- Volunteers undertake a range of roles, tasks and responsibilities across the organisation, generally accountable to different section or team managers, not directly to the manager of volunteers.
- Even where the manager of volunteers is leading a team, this happens on behalf of the organisation. So better to refer to ‘our’ volunteers, or the more neutral ‘the’ volunteer programme / service.
- ‘Our volunteers’ still hints of possessiveness, yet embraces volunteering as an integral part of the organisation. And if you say ‘our volunteers’ with pride in your voice you are saying heaps about your sincere appreciation of their work.
- Relationships and Communication are key elements of leading volunteers. Yes, managers of volunteers need to establish personal connections with volunteers, but we also need to set the boundaries of these relationships. Becoming ‘over-involved’ is a sure route to trouble, and a big no-no for professional reputations and credibility.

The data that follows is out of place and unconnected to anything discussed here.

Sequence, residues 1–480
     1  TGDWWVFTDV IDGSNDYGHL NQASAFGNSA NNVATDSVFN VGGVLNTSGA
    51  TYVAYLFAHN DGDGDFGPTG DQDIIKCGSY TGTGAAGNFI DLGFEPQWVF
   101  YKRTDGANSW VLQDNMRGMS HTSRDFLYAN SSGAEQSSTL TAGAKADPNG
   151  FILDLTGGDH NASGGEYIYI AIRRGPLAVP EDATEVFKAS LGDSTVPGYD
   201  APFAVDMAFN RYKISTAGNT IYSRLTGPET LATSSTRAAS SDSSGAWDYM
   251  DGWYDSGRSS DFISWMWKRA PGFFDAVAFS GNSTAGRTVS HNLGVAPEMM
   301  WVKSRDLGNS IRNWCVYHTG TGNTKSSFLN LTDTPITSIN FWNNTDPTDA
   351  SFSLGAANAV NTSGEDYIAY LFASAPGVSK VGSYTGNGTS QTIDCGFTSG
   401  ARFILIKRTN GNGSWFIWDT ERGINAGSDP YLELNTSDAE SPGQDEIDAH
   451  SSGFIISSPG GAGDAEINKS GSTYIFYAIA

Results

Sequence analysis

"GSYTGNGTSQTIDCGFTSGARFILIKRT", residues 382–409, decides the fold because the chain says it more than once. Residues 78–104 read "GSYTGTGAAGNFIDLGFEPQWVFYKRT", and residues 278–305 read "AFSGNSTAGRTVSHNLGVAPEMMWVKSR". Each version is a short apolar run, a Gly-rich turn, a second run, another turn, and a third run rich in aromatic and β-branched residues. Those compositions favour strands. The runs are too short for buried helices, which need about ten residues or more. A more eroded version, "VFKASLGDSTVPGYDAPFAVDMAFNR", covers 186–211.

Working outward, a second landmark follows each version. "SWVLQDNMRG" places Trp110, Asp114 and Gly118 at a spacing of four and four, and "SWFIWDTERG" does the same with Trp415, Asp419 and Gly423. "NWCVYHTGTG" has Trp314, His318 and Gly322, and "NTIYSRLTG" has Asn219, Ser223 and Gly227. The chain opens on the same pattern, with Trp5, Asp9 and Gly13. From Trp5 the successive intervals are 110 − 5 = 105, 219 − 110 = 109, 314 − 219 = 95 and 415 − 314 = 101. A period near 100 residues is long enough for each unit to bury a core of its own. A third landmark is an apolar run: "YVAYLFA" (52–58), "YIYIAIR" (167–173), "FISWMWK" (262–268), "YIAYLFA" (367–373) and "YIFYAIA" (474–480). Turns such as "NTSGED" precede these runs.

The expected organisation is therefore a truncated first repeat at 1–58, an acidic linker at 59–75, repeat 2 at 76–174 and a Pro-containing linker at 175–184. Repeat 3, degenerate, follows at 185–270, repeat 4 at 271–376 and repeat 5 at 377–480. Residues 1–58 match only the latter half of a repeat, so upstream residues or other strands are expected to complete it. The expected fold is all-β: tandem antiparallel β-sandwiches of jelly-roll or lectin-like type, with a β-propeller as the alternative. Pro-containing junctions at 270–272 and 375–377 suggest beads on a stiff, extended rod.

So this is my litany. I am quibbling with a simple linguistic usage. Yet if we can change a few simple words in our language we can change a whole lot of perceptions and make a world of difference. Read Alison’s story to see what can happen when you drop my from your references to volunteers.
July 15, 2012
Last week I attended a fund-raising function organised by former refugees from the Kachin State in Myanmar. Most of them have not been here longer than 5 years. In very short order they learned about living in their new environment. They bonded as a group, like seeking like, as you do in strange territory. They learned from each other, finding out how to access resources, and supporting those who needed extra help. And the leaders among them established a national network to share local information and to keep in touch with homeland politics.
This function entertained both old and new Kiwi supporters with song and dance, and then provided a meal for 200 people. It was a superb demonstration of event management organisation and spirited goodwill: a totally awesome display of volunteering. Now they have raised a goodly sum to provide medical supplies and mosquito nets to send to the remote and primitive camps for displaced people in their homeland.
This story got me thinking of all the different representations of volunteering: there are a lot of related words and phrases in common parlance these days.